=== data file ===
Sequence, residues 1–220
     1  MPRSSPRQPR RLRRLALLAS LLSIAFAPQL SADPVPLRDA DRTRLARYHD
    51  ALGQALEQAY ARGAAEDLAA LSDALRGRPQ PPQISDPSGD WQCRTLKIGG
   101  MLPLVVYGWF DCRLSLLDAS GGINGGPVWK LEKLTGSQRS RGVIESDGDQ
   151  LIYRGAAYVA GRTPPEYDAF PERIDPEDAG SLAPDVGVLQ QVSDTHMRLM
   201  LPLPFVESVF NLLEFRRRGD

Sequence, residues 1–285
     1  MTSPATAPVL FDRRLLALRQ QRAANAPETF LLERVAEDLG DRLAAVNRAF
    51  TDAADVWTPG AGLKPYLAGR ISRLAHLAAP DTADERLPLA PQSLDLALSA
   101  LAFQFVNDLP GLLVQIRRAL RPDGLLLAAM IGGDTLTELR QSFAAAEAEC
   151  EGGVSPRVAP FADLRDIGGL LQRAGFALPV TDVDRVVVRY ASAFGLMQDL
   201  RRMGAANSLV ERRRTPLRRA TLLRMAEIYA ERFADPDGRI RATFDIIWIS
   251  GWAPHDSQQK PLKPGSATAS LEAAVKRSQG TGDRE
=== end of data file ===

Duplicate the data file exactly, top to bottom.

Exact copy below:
Sequence, residues 1–220
     1  MPRSSPRQPR RLRRLALLAS LLSIAFAPQL SADPVPLRDA DRTRLARYHD
    51  ALGQALEQAY ARGAAEDLAA LSDALRGRPQ PPQISDPSGD WQCRTLKIGG
   101  MLPLVVYGWF DCRLSLLDAS GGINGGPVWK LEKLTGSQRS RGVIESDGDQ
   151  LIYRGAAYVA GRTPPEYDAF PERIDPEDAG SLAPDVGVLQ QVSDTHMRLM
   201  LPLPFVESVF NLLEFRRRGD

Sequence, residues 1–285
     1  MTSPATAPVL FDRRLLALRQ QRAANAPETF LLERVAEDLG DRLAAVNRAF
    51  TDAADVWTPG AGLKPYLAGR ISRLAHLAAP DTADERLPLA PQSLDLALSA
   101  LAFQFVNDLP GLLVQIRRAL RPDGLLLAAM IGGDTLTELR QSFAAAEAEC
   151  EGGVSPRVAP FADLRDIGGL LQRAGFALPV TDVDRVVVRY ASAFGLMQDL
   201  RRMGAANSLV ERRRTPLRRA TLLRMAEIYA ERFADPDGRI RATFDIIWIS
   251  GWAPHDSQQK PLKPGSATAS LEAAVKRSQG TGDRE